After some feedback about the format of the output from my Dtrace script for looking at SCSI io I how have added a timestamp which helps sorting the output. The output is now cleaner and hopefully clearer though does not fit on a 80 column screen.

00000.844267200 isp1:-> 0x2a (WRITE(10)) address 06:00, lba 0x0143a76e, len 0x000002, control 0x00 timeout 60 CDB 60031134488 SDB 60031134518
00000.844354400 isp1:-> 0x2a (WRITE(10)) address 00:00, lba 0x0143a76e, len 0x000002, control 0x00 timeout 60 CDB 3000cd59e78 SDB 3000cd59f08
00000.848251440 isp1:-> 0x2a (WRITE(10)) address 06:00, lba 0x0143ddd0, len 0x000002, control 0x00 timeout 60 CDB 6001dd1ba50 SDB 6001dd1bae0
00000.848310720 isp1:-> 0x2a (WRITE(10)) address 00:00, lba 0x0143ddd0, len 0x000002, control 0x00 timeout 60 CDB 3001da270f8 SDB 3001da27188
00000.850371280 isp1:<- 0x2a (WRITE(10)) address 00:00, lba 0x0143a76e, len 0x000002, control 0x00 timeout 60 CDB 3000cd59e78 SDB 3000cd59f08, reason 0x0 (COMPLETED) state 0x5f Time 6084us
00000.851151040 isp1:<- 0x2a (WRITE(10)) address 06:00, lba 0x0143a76e, len 0x000002, control 0x00 timeout 60 CDB 60031134488 SDB 60031134518, reason 0x0 (COMPLETED) state 0x5f Time 6927us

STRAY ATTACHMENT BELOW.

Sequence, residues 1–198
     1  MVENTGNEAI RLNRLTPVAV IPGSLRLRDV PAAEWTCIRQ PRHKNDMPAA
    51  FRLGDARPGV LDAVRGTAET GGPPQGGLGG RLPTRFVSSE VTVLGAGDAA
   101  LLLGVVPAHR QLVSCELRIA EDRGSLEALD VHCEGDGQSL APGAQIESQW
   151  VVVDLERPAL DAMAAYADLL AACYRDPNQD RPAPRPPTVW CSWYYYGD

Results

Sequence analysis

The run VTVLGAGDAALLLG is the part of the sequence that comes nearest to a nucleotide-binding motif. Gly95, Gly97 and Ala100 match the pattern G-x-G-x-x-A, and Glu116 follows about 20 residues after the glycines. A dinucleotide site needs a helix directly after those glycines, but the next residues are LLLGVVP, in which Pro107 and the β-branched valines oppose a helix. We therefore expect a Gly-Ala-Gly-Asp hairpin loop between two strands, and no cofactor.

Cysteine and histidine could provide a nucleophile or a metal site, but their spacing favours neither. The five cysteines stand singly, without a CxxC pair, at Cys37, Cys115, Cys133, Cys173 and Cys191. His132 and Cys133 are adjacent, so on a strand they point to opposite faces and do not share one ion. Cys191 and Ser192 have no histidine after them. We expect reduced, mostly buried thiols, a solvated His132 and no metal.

00000.853292800 isp1:<- 0x2a (WRITE(10)) address 00:00, lba 0x0143ddd0, len 0x000002, control 0x00 timeout 60 CDB 3001da270f8 SDB 3001da27188, reason 0x0 (COMPLETED) state 0x5f Time 5014us
00000.854442400 isp1:<- 0x2a (WRITE(10)) address 06:00, lba 0x0143ddd0, len 0x000002, control 0x00 timeout 60 CDB 6001dd1ba50 SDB 6001dd1bae0, reason 0x0 (COMPLETED) state 0x5f Time 6226us
00002.839392160 isp1:-> 0x2a (WRITE(10)) address 06:00, lba 0x0143e0b0, len 0x000004, control 0x00 timeout 60 CDB 3001da263c0 SDB 3001da26450
00002.839482480 isp1:-> 0x2a (WRITE(10)) address 00:00, lba 0x0143e0b0, len 0x000004, control 0x00 timeout 60 CDB 60002cb4538 SDB 60002cb45c8
00002.849052160 isp1:<- 0x2a (WRITE(10)) address 00:00, lba 0x0143e0b0, len 0x000004, control 0x00 timeout 60 CDB 60002cb4538 SDB 60002cb45c8, reason 0x0 (COMPLETED) state 0x5f Time 9630us
00002.850171840 isp1:<- 0x2a (WRITE(10)) address 06:00, lba 0x0143e0b0, len 0x000004, control 0x00 timeout 60 CDB 3001da263c0 SDB 3001da26450, reason 0x0 (COMPLETED) state 0x5f Time 10824us
00003.840019440 isp1:-> 0x2a (WRITE(10)) address 06:00, lba 0x0143e200, len 0x000004, control 0x00 timeout 60 CDB 3000cd59e78 SDB 3000cd59f08
00003.840110160 isp1:-> 0x2a (WRITE(10)) address 00:00, lba 0x0143e200, len 0x000004, control 0x00 timeout 60 CDB 30014c0c780 SDB 30014c0c810
00003.846265280 isp1:<- 0x2a (WRITE(10)) address 00:00, lba 0x0143e200, len 0x000004, control 0x00 timeout 60 CDB 30014c0c780 SDB 30014c0c810, reason 0x0 (COMPLETED) state 0x5f Time 6205us
00003.847439680 isp1:<- 0x2a (WRITE(10)) address 06:00, lba 0x0143e200, len 0x000004, control 0x00 timeout 60 CDB 3000cd59e78 SDB 3000cd59f08, reason 0x0 (COMPLETED) state 0x5f Time 7470us

Lots of “fun” games can be played with this, like the above shows that this system has target 0 and target 6 forming a mirror making isp1 a Single Point of failure. Although my favourite is this one:


While running


# dd if=/dev/rdsk/c0t8d0s2 of=/dev/null oseek=1024 iseek=$(( 16#1fffff )) count=2
2+0 records in
2+0 records out